In essence, the morale of the film may be to honor your mother for she only wants your best. Or to respect your daughter as her own person, however far away she needs to get away from you. The coin of every decision always has two sides, and mothers are humans, too. That’s what it comes down to in this film, at least for me. And I highly recommend it!

Available on VHS and DVD.

Remakes

Although it may sometimes seem as if remakes are a contemporary idea, they actually go back to the 1920s (e.g. The Battle of Sexes, made in 1914 and then again 1928, each directed by D.W. Griffith) and the 1930s when talkies became more popular than silent movies. When studio bosses decided to re-do successful films. Hollywood, after all, has always been an industry.

But as old as its core motivation, the discussion of remakes has also remained the same – is it necessary to re-tell a story that has worked before? Can’t Hollywood come up with new ideas? New characters and plots?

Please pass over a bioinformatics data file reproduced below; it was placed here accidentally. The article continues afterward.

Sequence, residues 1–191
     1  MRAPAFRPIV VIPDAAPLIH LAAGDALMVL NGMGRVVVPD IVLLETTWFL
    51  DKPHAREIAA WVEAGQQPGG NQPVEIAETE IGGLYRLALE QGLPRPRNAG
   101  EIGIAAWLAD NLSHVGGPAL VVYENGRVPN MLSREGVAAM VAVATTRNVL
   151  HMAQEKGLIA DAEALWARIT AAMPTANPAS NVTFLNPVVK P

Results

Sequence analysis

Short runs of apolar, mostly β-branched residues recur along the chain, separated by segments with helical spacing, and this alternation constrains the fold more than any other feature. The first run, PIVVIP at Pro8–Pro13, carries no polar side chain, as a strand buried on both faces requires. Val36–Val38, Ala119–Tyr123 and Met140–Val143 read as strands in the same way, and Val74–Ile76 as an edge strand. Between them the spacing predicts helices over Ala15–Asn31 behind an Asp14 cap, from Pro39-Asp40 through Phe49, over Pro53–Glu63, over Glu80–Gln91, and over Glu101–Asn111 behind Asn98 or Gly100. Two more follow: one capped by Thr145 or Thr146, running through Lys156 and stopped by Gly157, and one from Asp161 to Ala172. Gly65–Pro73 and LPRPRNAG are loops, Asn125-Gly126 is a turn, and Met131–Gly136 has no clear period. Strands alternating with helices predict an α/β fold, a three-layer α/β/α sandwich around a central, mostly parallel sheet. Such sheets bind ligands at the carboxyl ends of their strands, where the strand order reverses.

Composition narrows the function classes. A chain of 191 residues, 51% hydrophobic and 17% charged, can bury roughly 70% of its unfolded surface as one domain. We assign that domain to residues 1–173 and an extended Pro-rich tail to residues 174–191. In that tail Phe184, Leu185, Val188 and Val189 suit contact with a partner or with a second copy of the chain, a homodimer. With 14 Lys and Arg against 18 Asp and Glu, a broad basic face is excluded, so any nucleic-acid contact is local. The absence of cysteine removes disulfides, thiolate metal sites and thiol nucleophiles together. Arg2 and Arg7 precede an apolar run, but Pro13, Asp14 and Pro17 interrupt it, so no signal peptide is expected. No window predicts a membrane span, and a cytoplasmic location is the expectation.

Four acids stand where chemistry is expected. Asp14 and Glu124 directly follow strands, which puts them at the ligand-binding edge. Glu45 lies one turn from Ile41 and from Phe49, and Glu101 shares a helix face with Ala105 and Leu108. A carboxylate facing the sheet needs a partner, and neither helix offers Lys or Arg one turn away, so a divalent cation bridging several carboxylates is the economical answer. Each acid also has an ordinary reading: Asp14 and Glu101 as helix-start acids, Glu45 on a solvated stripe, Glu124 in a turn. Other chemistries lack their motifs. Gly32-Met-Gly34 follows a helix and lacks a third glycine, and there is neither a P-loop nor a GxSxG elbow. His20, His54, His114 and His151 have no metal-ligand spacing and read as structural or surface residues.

Well, in times of reshaping and relaunching TV shows from the 1970s and 80s, I guess the answer is clear. It is often cheaper to pick up on an already established franchise. May seem more sensible. Almost like an homage – although  how could it be  if everything that used to work and made a product genuine is being replaced, updated and beautified?

Opinions will always differ on remakes. I myself was thrilled when I first heard about a new version of The Women back in 2008. Annette Benning’s name truly pleased me when I saw it listed for the project. Then I saw the movie. And in spite of Ms Benning, it paled in comparison to the original movie from 1939 on all levels.

But remakes can work. There are examples, sometimes unknown to us today. Love Affair from 1939 for example, starring Charles Boyer and Irene Dunne. It was remade by the same director, Leo McCarey, in 1957 with Cary Grant and Deborah Kerr, called An Affair to Remember. And then again under its original title in 1994, starring Warren Beatty and Annette Benning, plus Katherine Hepburn.

The Window from 1949 (see Talking Classic‘s first “Talkie of the Week” entry) was also remade in 1966, under the title of the short story the film was originally based on, The Boy cried Murder. I have not yet seen this version but would love to see how and if they made it work.

Father of the Bride and Father’s little Dividend from 1950 and 51, directed by Vincente Minnelli, starring Spencer Tracey, Elizabeth Taylor and Joan Bennett, were also remade in 1991 and 95. Then with an all-star cast led by Steve Martin and Diane Keaton.